Shade: Wrath of Angels
It's Not often that a game's history turns out to be more interesting than the game itself. Shade: Wrath Of Angels started life a few years back as Nefandus, a dismal-looking action-adventure from Czechbased nobodies Black Element Software. While the first batch of screenshots, being almost entirely black, didn't cause much of a splash at they must have caught someone's svengali-like eye, as the studio was soon acquired by high-flying Czech outfit Bohemia Interactive Studio (the developer of Operation Flashpoint). Under the direction of BIS, the game was overhauled, and actually started to look quite good for a time, prompting the developer to state that its creation would be "perfect in every respect."
The wrath of the gods duly invoked, the project soon went a bit Daikatana, and for one reason or another the game never looked as good again. Another year, a name change and a new rendering engine later, the game has now been overhauled more times than the EU constitution. Frankly though, they needn't have bothered.
Shade's inconsequential story sees you as your typical wisecracking hard man who, after being summoned to a deserted village by his estranged archaeologist brother, is transported around several time zones in order to do the bidding of a mysterious entity. Although the main task is to collect various artefacts from each level, the crux of the gameplay is to fight your way through a horde of demon beasties, and tackle the odd puzzle.
Hell On Earth
Unfortunately, Shade is left wanting in both of these areas. In terms of combat, the focus is kept squarely on melee, with a lightsaber-style sword your primary weapon. Weapons dropped by fallen enemies can be temporarily picked up and used, including a few ranged arms, but the versatility of your Jedi pig-sticker renders this somewhat pointless.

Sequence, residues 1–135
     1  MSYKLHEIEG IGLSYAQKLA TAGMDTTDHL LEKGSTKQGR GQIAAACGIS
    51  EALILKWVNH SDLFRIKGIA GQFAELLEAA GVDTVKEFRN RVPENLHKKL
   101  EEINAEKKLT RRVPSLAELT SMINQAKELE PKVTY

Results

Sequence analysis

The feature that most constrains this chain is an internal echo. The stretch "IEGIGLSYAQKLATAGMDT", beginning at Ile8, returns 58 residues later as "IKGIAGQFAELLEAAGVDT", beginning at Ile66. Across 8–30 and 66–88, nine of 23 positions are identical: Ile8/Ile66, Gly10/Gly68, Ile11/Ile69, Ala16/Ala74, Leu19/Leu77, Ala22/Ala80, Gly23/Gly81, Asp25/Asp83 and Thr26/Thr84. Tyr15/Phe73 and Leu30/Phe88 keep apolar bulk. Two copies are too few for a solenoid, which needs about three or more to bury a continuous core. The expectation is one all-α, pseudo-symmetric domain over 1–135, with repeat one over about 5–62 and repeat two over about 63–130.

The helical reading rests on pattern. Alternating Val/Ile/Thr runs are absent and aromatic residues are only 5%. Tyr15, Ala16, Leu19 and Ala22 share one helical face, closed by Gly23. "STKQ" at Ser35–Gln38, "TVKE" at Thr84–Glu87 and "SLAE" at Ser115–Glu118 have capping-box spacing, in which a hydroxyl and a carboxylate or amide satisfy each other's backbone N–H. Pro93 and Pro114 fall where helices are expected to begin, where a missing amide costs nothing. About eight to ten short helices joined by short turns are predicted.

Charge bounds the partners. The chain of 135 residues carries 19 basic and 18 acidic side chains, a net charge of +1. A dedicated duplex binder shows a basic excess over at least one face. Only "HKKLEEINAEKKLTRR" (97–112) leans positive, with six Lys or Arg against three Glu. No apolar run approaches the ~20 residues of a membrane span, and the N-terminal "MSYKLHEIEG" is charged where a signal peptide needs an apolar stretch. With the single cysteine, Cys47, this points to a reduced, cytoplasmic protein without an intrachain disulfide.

No matter which weapon you use, the button-bashing combat interface is weak, and ranged attacking suffers from an inability to run and shoot at the same time.
The puzzle aspects of the game also fail to provide any real enjoyment. Most tasks are as facile as finding switches, and even the slightly more cerebral challenges fail to surprise. Annoying platform jumping is also in evidence.
A series of sub-Nukem wisecracks is contributed in an attempt to lighten the mood, but for the most part all you'll hear is the mantra "it's blocked," as you try one of the countless doors the game doesn't want you to go through. The presentation in general - aside from a few competent lighting effects - overshoots the dark and moody mark, and ends up in the vicinity of dingy and dull (if not quite as black as the early screenshots that we saw).
If Shade was scrapped and given yet another redesign, the to-do list would be endless -wishy-washy combat, braindead Al, insipid level design, soulcrushing puzzles, a towering stack of bugs. If that formidable collection was sorted out, then the multiple endings and the fact that you can transform into a demon might actually count for something. As it stands though, Shade is quite simply shite.
Processor: PC compatible,
OS: Windows 9x, Windows 2000 Windows XP, Vista, Win 7, Win 8, Win 10.
Game Features:Single game mode